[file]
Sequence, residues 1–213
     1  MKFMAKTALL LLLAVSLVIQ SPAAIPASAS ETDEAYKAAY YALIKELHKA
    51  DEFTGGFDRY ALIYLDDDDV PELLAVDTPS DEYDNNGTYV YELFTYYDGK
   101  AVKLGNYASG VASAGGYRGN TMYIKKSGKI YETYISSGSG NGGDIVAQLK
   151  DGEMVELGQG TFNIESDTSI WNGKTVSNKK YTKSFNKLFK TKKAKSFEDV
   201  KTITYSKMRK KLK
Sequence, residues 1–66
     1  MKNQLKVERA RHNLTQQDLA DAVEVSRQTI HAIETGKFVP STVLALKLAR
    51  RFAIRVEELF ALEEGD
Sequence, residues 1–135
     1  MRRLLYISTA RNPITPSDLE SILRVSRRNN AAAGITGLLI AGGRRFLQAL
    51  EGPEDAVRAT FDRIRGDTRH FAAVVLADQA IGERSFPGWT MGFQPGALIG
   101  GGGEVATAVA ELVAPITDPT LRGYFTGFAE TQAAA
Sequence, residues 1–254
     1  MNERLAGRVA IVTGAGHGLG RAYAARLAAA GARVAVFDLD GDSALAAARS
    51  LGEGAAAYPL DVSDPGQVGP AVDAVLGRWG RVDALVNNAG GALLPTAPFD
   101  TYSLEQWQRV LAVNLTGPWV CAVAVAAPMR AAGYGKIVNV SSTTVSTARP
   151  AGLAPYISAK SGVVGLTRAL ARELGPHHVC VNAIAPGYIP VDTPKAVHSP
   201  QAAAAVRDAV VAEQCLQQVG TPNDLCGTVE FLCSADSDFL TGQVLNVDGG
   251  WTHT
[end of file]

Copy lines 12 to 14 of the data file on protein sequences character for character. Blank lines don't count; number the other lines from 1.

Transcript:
    51  EGPEDAVRAT FDRIRGDTRH FAAVVLADQA IGERSFPGWT MGFQPGALIG
   101  GGGEVATAVA ELVAPITDPT LRGYFTGFAE TQAAA
Sequence, residues 1–254